Sen. Mike Lee on looming confirmation battle for attorney general

This is a rush transcript from "The Kelly File," November 10, 2014. This copy may not be in its final form and may be updated.

MEGYN KELLY, HOST: Developing tonight, President Obama's nominee to become the next attorney general finding herself in the middle of a potential new showdown between the president and Republicans.

On Saturday, the president nominated Federal Prosecutor Loretta Lynch to replace retiring Attorney General Eric Holder. Twenty four hours later, the president repeated his threat that if Congress does not send an immigration bill to him that he likes, he will change our immigration rules on his own. And this will all be front and center when Mrs. Lynch goes before Congress for her Senate confirmation hearing.

Joining us tonight, Fox News senior judicial analyst, Judge Andrew Napolitano and Utah Republican Senator Mike Lee who's a member of the Senate Judiciary Committee and we begin with the senator.

Senator Lee, good to see you tonight. And so, when she goes before this committee, I understand that some of you have already written a letter saying that first of all she should not be confirmed in the lame duck session, meaning over the next two months, while the Democrats still control the Senate. Why? They don't lose their power just because they're lame ducks. Why shouldn't they put her before that body?

SEN. MIKE LEE, R-UTAH: They don't lose their power until January in the sense that the new Congress isn't sworn in until January. But Megyn, you have to remember the voters just voted. The voters voted for a very different type of leadership than we have in place right now. And we need to respect that decision. It's important to point out it's been over 100 years since we've confirmed an attorney general during a lame duck session.  I think we owe it to the voters to respect their decision in November.

KELLY: And it's been, I think, equally long if not longer since we've ever elevated somebody from the post of the U.S. attorney right to attorney general. She's skipping several steps in going right up. But this would be the first black woman we've ever had as attorney general.  President Obama only has two more years to serve out his term. Shouldn't -- and obviously this post will change after. Shouldn't he have who he wants unless she's extremely confidential, which it doesn't seem like this particular candidate is, am I wrong?

LEE: The president's certainly entitled to choose whomever he wants to fill that spot, but we have discretion to decide whether or not to confirm that person. Now, one of the important things to remember here, Megyn, is that we're not saying that she's not going to be confirmed. What we are saying is that she needs to be confirmed in the right way at the right time.

And most importantly, we want to find out where she stands on this critical legal issue of whether or not she will defend the president of the United States in believing that he may extend amnesty to illegal immigrants in violation of the law. We don't think the president constitutionally or statutorily has that power. And if she believes he does have that power, we'd like to know where she gets that theory.

KELLY: Can you do that? Can you ask her for her specific positions on issues that are right now being debated in the country?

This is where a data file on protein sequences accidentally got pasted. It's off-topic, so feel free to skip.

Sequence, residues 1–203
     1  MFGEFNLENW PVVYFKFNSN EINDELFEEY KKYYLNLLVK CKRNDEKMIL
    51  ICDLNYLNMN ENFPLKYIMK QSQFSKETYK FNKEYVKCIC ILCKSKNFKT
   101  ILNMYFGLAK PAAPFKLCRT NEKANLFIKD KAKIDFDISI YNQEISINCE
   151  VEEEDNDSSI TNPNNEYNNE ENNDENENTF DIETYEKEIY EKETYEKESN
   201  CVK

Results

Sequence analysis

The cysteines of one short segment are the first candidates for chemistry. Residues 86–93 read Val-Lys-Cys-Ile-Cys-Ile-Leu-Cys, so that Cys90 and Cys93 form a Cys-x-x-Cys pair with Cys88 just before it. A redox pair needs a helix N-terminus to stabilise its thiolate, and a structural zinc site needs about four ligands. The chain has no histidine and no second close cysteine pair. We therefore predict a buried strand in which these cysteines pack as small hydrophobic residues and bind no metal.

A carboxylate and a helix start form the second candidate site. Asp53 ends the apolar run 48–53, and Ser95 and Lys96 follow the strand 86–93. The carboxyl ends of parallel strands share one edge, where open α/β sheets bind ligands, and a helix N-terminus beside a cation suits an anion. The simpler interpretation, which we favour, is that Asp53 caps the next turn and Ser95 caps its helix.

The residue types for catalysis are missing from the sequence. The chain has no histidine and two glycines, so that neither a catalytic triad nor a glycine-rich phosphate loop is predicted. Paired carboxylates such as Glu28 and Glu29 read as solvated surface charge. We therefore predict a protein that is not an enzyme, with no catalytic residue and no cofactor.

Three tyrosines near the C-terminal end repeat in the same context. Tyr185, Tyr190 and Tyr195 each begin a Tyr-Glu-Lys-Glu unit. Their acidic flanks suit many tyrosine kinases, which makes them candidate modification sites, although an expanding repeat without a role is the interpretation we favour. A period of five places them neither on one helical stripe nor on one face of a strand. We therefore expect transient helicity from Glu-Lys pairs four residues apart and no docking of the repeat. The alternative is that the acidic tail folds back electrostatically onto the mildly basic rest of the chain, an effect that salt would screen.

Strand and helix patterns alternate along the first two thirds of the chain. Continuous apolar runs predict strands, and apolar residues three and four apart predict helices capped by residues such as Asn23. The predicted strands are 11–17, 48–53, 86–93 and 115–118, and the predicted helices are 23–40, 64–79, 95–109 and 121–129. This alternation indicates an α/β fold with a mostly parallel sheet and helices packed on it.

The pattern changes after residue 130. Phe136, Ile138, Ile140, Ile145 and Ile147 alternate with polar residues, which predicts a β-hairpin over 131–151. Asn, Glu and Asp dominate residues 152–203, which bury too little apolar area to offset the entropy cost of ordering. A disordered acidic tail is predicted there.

LEE: We can ask. Doesn't mean she'll answer. But we can ask her.  And I think we have an affirmative obligation to ask her questions like this, especially when the president has come out with this theory but has yet to explain it. I would like to know how she would approach such a theory.  I'd like to know whether she thinks in the abstract the president of the United States has the authority to rewrite the U.S. immigration naturalization code, contrary to law. And I don't think he does. Nothing in the Constitution gives him that power. And there's nothing in statute that gives him that power.

KELLY: All right. She's going to dodge that because she doesn't have to answer it. She's going to dodge and say, "I'm not going to opine anything until I see everything in front of me." But one thing she is on record herself about being an advocate for -- or against I should say, is voting ID laws. She doesn't like them. And, you know, she's the child of two parents who grew up sort of in the civil rights era during the '60s in the South. And she has said this on camera, we have the sound bite. Listen.


LORETTA LYNCH, U.S. ATTORNEY GENERAL NOMINEE: Fifty years after the civil rights movement, we stand in this country in a time when we see people trying to take back so much of what Dr. King fought for. We stand in this country people trying to take over the state laws and reverse the goals that remain in voting in this country.


KELLY: Is that an issue for you?

LEE: Well, I'm not really sure what she's referring to there. I can't imagine that she thinks that requiring someone to produce a photo ID when they vote, which is the same thing they have to produce when they fly on an airplane, the same thing they have to produce when they go to the doctor these days, that that's somehow tantamount to reversing the wonderful gains of civil rights era. I can't imagine that that's what she's saying.  I don't hear her saying that. I don't see any basis in law or fact for her saying that if that's in fact what she's saying.

KELLY: Well, we will wait to see how the confirmation hearing goes whether it happens in the next few months or once the GOP takes control of the senate. Senator Lee, thanks for being here.

LEE: Thank you.

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